Tuesday, May 25, 2010

Binder Remix

Decked out in duct tape!
We're approaching that time of year when the contents of desk and lockers are brought home and dumped into our homes. Think green and take a moment to carefully sort through the debris and salvage what can be reused. If you discover a worn binder this duct tape project might be the ticket to get your teen away from the computer and crafting.
 Creative hands at work.
This project was born out of the desire to create a useful party craft for my neighbors' birthday party. The party space was reserved and held at Art Mind and Soul Studio. My neighbor had originally considered making duct tape messenger bags. As much as I loved the idea I was hesitant that it would be too complicated for the number of girls and the allotted time. My suggestion was to simply cover binders with tape. My hope was that the ready made smooth surface would encourage preteens to freely explore color and design with tape.
 The Birthday girl in creative action.
It worked like a dream, the girls were almost completely independent. My role was chief  tape un-sticker, and scissor blade de-gunker (hand sanitizer). The key to the success was having a great selection of colored tape on hand, including printed tie dye and plaid varieties. Many of the girls used a different color combination on the front and back of their binder and also took the time to cover the inside covers.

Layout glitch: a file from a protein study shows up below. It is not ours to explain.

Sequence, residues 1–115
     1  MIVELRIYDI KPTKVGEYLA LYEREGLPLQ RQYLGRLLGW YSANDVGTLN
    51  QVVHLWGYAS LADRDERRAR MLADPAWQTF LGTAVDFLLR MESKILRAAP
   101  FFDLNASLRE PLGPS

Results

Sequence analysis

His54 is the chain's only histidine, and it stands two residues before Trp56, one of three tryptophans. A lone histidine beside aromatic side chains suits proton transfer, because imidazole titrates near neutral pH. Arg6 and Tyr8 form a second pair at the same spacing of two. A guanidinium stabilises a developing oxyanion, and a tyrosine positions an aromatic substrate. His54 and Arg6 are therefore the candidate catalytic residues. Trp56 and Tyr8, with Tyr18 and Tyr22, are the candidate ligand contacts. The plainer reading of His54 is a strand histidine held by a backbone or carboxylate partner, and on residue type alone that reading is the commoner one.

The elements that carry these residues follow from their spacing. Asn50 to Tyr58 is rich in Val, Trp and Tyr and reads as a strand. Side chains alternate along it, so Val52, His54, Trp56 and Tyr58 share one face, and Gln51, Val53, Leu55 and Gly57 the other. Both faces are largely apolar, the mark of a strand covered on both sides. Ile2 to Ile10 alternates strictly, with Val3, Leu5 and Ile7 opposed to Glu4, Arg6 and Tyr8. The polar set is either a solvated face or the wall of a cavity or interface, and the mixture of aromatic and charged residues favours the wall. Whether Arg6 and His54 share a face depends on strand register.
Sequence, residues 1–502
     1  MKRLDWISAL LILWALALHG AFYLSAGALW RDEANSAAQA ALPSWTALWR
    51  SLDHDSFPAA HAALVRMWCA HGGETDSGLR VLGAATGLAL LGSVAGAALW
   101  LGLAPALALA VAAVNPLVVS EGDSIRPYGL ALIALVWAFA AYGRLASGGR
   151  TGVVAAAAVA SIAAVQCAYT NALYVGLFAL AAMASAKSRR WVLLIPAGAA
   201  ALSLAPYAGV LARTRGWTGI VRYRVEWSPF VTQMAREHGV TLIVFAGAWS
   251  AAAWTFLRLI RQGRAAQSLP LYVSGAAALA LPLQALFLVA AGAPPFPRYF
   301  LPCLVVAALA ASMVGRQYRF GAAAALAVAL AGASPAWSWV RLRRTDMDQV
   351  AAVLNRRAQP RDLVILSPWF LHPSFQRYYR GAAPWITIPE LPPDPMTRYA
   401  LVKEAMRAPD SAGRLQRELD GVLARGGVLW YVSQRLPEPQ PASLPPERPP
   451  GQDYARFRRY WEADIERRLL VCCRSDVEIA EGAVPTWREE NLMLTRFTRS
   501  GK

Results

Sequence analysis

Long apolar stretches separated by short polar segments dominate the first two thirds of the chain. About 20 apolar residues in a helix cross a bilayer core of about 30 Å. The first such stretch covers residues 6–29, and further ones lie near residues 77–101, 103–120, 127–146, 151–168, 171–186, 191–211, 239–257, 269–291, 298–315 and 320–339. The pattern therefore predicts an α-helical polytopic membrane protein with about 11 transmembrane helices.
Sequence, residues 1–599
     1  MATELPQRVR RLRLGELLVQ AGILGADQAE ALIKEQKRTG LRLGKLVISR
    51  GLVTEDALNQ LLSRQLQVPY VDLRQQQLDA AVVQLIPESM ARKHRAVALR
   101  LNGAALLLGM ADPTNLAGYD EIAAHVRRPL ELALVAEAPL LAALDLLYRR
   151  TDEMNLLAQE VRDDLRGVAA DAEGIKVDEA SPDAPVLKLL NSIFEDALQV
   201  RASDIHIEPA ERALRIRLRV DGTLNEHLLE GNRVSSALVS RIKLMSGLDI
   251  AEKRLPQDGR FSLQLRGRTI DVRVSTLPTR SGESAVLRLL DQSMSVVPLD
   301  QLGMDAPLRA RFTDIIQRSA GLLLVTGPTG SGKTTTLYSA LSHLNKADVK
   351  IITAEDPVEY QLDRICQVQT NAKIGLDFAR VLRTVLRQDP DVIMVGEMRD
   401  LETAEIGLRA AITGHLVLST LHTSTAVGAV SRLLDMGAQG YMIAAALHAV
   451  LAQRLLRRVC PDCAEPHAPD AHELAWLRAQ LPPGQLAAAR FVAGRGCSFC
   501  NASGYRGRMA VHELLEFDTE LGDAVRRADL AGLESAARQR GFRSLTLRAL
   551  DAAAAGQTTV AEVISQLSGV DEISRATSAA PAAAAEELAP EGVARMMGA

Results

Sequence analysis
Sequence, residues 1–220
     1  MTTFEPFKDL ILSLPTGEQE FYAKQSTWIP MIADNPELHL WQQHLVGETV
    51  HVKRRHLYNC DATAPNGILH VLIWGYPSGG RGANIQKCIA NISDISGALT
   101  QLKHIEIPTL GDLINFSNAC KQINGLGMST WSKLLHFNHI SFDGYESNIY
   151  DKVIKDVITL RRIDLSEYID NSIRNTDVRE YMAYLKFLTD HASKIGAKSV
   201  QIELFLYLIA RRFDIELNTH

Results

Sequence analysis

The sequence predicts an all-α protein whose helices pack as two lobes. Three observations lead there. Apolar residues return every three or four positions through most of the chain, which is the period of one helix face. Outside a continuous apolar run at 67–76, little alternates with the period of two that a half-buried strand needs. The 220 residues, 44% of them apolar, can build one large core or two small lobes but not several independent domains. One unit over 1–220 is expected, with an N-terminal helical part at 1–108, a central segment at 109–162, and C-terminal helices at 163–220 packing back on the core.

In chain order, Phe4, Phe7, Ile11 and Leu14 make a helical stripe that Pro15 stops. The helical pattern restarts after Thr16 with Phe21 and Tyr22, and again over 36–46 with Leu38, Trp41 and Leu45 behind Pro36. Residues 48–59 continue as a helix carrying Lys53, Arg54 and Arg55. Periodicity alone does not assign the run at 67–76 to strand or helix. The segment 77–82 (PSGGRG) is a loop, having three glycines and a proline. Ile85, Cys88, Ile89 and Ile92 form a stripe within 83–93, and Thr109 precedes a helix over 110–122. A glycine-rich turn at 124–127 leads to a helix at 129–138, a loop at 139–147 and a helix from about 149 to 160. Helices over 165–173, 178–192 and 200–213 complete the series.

The smaller half finished binders in the center right were quick samples I whipped together with my sons binder cast-offs.
The studio had adhesive foam flowers on hand that made fabulous accents over the tape. I was thrilled that the girls enjoyed themselves and was really pleased with the variety of designs. Binders get a daily work out at the junior high, tricking them out in vibrant duct tape is not only fun but strengthens them as well. I wonder if any of the girls will write in them this summer?

Friday, May 21, 2010

Baking Therapy cures Mom on Overload

Batch of molasses cookies, fresh from the oven!
When people hear I write craft books they're usually intrigued. I fight the temptation to admit that it's really not very glamorous. A creative career is truly a mixed bag. There are some wonderful moments when a new design falls together and editors appreciate my work. Other times I'm up til the wee hours of the night reworking an unsuccessful design. The scariest time for a self employed artist is when your workload hits a lull. What makes up for all the ups and downs is when I meet someone who knows my work, has followed my directions, and in the process has fallen in love with a new craft.